Friday, February 14, 2014
The President Signed the Executive Order for Federal Contract Workers!
On Wednesday, Good Jobs Nation workers and advocates joined the President at the White House for the signing of an executive order that will raise federal contract worker pay to $10.10 an hour and raise tipped worker pay to $4.90. "The order, which applies to new and renewed contracts, could lift the wages of up to half a million people."
That’s an Order! - New York Times
"Obama is affirming the dignity and worth of all working people. As the CEO of the federal government, he is also sending a powerful message to the CEOs of private corporations that they too must honor their workers with just wages." Read more from Sr. Simone Campbell and Rev. Michael Livingston:
Friday, February 7, 2014
Statement in Support of Workers with Disabilities
Workers with disabilities deserve the same protections as workers without disabilities. That is why Change to Win and the Good Jobs Nation campaign are proud to urge President Obama and Secretary Perez to include workers with disabilities in their forthcoming landmark executive order requiring a $10.10/hour minimum wage for employees of federal contractors. Change to Win is proud to stand with all low wage workers fighting to improve their circumstances. As the White House and Department of Labor work to prepare the details of the executive order, we wish to strongly state our support for the full inclusion of workers with disabilities, including those today being paid drastically less than minimum wage, in the executive order.
Today, 420,000 workers with disabilities are paid less than minimum wage under Section 14(c) of the Fair Labor Standards Act. Many of these workers are being employed under federal contracts.
According to the Government Accountability Office, more than half of all 14(c) workers make $2.50/hour or less. As Secretary Perez commented this week on the Diane Rehm Show, Section 14(c) is “a provision of law which has worked to the detriment of people with disabilities.”
We urge the White House to issue an inclusive executive order, including workers with disabilities now under 14(c) programs. In the last several years, we have seen commitments from Rhode Island, Massachusetts, New York and Oregon to phase out the use of sheltered workshops – the primary setting where disabled workers are paid less than minimum wage. Vermont ended the use of both sheltered workshops and subminimum wage employment of people with disabilities in 2003. Workers with disabilities have shown time and time again that they are as capable and as worthy of contributing to our workforce as any other American. It is our sincere hope that the President’s forthcoming landmark executive order will reflect that principle.
Thursday, January 30, 2014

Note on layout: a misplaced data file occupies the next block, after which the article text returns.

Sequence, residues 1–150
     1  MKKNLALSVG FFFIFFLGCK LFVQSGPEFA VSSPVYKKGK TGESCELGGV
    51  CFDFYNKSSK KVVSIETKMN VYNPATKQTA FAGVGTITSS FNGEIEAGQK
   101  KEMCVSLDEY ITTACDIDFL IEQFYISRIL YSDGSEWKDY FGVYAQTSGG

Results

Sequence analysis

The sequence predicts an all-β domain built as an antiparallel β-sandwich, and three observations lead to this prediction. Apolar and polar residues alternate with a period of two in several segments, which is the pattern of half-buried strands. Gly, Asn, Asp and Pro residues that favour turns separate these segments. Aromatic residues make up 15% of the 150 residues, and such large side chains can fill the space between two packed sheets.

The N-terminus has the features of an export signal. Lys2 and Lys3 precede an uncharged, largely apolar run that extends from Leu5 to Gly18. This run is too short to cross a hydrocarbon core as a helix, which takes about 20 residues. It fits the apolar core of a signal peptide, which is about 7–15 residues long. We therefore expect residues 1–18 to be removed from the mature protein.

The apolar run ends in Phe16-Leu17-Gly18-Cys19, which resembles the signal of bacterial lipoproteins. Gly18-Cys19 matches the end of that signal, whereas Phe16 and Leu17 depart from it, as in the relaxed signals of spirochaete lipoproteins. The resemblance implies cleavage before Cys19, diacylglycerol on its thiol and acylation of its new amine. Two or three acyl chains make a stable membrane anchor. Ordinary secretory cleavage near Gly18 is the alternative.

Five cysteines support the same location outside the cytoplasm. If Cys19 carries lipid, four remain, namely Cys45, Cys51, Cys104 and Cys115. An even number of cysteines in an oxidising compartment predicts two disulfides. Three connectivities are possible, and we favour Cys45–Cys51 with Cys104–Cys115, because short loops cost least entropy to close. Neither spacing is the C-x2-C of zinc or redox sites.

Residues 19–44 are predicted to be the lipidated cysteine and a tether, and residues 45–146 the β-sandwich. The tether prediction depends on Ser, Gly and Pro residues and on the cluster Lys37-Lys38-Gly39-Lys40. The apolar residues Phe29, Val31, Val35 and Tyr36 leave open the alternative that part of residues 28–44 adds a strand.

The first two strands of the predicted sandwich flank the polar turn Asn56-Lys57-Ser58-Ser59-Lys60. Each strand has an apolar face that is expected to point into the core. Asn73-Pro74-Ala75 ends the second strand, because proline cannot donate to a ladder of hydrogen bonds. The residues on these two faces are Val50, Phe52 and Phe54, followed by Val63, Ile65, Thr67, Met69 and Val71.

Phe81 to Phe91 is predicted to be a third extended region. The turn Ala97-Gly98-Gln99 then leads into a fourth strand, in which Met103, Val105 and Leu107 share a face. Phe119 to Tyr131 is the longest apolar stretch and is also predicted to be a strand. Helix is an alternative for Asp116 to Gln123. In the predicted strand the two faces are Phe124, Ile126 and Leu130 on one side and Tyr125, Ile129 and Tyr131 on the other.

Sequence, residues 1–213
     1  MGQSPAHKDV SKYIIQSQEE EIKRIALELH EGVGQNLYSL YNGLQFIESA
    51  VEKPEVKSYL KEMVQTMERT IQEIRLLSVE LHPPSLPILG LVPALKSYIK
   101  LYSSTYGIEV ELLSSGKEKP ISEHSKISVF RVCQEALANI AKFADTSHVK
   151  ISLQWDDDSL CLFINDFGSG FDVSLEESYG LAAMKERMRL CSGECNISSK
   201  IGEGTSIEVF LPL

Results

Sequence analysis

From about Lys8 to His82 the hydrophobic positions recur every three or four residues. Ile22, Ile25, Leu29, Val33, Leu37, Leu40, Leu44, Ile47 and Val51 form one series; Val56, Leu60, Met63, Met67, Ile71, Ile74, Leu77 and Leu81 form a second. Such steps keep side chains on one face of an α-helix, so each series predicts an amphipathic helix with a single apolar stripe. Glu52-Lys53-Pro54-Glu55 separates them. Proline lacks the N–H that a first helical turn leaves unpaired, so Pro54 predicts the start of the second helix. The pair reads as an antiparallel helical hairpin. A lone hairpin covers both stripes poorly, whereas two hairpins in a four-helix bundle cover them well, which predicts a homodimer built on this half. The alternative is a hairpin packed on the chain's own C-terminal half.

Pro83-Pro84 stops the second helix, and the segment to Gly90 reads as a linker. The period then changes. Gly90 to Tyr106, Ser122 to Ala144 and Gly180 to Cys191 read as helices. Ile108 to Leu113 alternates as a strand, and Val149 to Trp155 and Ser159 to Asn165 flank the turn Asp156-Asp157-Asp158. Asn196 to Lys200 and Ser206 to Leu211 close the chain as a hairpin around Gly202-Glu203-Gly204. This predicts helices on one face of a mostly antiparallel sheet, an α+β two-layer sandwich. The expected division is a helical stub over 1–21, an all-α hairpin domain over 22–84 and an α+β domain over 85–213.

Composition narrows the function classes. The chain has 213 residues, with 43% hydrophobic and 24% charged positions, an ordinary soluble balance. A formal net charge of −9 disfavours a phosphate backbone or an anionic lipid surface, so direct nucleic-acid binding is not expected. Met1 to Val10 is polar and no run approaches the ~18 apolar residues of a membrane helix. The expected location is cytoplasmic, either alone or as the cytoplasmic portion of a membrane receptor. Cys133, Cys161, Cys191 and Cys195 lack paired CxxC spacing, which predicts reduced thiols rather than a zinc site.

Executive Order for Federal Contract Workers: Symbolic Effect Signaling Change to the Private Sector
"What this shows is that workers can win when they act, and not just for contract workers in D.C.,” said Joseph Geevarghese, deputy director of the Change to Win labor group.“What’s significant is the symbolic effect. It’s a signal that could move into the private sector with employers like McDonald’s and Wal-Mart. Workers will be more emboldened when they realize President Obama is on their side.” Read more about the Good Jobs Nation campaign, which pressured the President to take executive action:
Obama’s wage promise answers calls of growing movement - Washington Post
Monday, January 27, 2014
SOTU: We Hope the President Will Take Action and Help Low-wage Workers
With the State of the Union a day away, low-wage employees under federal contracts sent a clear message last week to President Obama. He must take the lead on income inequality by ensuring American workers are paid a living wage. For those working under federal contracts for low wages, he could sign an executive order.“Too many Americans work full-time for federal contractors and live in poverty,” said Rep. Keith Ellison, co-chairman of the Congressional Progressive Caucus.
Pentagon fast-food workers strike, call for higher wages - Washington Post
Who would've thought that federal contractors could break the law and still be able to do business with the federal government. The federal contract problem isn't merely low wages and no benefits, some federally contracted companies are stealing wages and violating safety laws. Tomorrow, the President could take action to make sure the federal government is only doing business with companies that don't break the law.
Thursday, January 16, 2014
Wage Theft Runs Rampant in Lower-level Food Court of Union Station; Walmart Illegally Disciplined and Fired Employees After Strikes and Protests for Better Pay.
In the heart of Washington, D.C., Union Station is right under the nose of the federal government, but that doesn't mean laws are necessarily obeyed and enforced. Yesterday, 60 people working in the lower-level food court of Union Station filed a complaint with the U.S. Department of Labor alleging wage theft. Some employers are accused of paying their workers well below the minimum wage.